Zimbabwe continues to be the lightning rod in the Kimberley Process Certification Scheme as the gulf between Western members of the group and African and Asian countries continues to widen.
Current Kimberley chair, the United States, is hosting a four-day intersessional meeting in Washington to discuss the mining and trading of conflict diamonds ahead of the diamond watchdog’s November plenary.
Western members of the group say rights abuses by Zimbabwean security forces are continuing in Marange, and that lack of regulation and oversight mean a lot of the diamonds are being looted and smuggled instead of benefiting the country.
African and other non-Western countries suspect Zimbabwe is being unfairly singled out for political issues that have little to do with the immediate issue of diamonds with Harare claiming no other African country mines and sells its diamonds as transparently as it does.
The Working Group on Monitoring is demanding that sales from diamonds benefit the nation and that there be clarity in the operations of Anjin, a joint venture between the Chinese and the Zimbabwe Defence Forces.
Last month Finance Minister Tendai Biti blasted Anjin Investments for not contributing anything to the fiscus and questioned the firm’s shareholding structure.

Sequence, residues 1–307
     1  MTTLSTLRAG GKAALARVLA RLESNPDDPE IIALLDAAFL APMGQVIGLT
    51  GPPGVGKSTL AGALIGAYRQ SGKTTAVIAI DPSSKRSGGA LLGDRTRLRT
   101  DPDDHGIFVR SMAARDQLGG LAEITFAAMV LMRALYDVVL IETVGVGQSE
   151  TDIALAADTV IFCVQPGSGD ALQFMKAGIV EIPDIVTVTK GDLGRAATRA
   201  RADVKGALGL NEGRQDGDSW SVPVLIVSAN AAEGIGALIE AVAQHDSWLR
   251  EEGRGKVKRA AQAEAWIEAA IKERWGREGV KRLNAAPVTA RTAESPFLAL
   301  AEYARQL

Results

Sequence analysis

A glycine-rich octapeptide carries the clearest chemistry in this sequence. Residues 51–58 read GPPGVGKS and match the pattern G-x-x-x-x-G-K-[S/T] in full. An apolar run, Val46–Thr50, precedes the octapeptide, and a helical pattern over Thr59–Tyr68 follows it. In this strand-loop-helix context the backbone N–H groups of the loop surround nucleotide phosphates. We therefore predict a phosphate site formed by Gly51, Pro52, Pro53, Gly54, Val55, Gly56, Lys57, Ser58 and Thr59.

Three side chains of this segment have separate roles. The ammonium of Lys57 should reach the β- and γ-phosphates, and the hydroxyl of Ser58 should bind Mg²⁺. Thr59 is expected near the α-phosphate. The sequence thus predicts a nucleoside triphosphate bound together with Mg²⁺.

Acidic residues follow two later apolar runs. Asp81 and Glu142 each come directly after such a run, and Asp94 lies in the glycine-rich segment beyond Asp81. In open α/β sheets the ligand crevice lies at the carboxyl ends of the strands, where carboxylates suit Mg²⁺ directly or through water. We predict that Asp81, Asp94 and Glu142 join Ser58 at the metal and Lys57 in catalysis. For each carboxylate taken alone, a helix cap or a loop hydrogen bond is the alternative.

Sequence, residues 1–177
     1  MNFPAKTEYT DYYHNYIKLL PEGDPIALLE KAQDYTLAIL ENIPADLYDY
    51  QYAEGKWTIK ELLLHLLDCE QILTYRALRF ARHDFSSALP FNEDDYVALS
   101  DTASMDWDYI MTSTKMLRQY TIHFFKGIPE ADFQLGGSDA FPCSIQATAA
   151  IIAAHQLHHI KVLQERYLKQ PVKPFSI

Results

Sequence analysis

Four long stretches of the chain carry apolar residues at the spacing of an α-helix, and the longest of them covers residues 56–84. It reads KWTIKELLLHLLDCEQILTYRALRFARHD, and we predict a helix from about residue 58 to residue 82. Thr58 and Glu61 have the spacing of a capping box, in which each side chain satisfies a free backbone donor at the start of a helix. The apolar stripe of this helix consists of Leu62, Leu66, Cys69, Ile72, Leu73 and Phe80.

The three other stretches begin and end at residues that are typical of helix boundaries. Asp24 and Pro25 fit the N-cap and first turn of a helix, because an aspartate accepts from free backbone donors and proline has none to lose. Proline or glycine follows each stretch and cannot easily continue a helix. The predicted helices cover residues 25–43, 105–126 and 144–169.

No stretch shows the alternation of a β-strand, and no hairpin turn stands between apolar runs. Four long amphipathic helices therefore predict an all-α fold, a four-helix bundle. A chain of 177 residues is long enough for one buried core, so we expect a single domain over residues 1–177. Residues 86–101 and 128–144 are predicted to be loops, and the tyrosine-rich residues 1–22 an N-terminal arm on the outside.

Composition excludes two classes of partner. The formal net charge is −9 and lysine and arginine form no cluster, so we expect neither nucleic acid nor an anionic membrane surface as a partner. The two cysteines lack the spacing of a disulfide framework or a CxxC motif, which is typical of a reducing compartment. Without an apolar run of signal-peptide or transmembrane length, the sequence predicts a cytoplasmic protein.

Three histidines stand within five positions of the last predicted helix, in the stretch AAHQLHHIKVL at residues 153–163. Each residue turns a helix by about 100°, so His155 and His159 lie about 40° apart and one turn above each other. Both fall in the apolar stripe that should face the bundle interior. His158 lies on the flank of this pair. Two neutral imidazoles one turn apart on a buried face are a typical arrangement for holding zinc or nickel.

Kimberley’s Zimbabwe monitor Marc Van Bockstael presented his report on Harare and the country also came up for discussion in the Working Group on reform, which is pushing for the redefinition of the conflict diamond to encompass rights abuses not only by rebels but also sitting governments.
The state-controlled Herald newspaper is claiming that discussion on the controversial re-definition of the term has been shot down. But Mines Minister Obert Mpofu told VOA that the issue it is still up for discussion.
Allan Martin of Africa Partnership Canada says Zimbabwe needs to institute key reforms so diamond proceeds can help the nation and not a few individuals.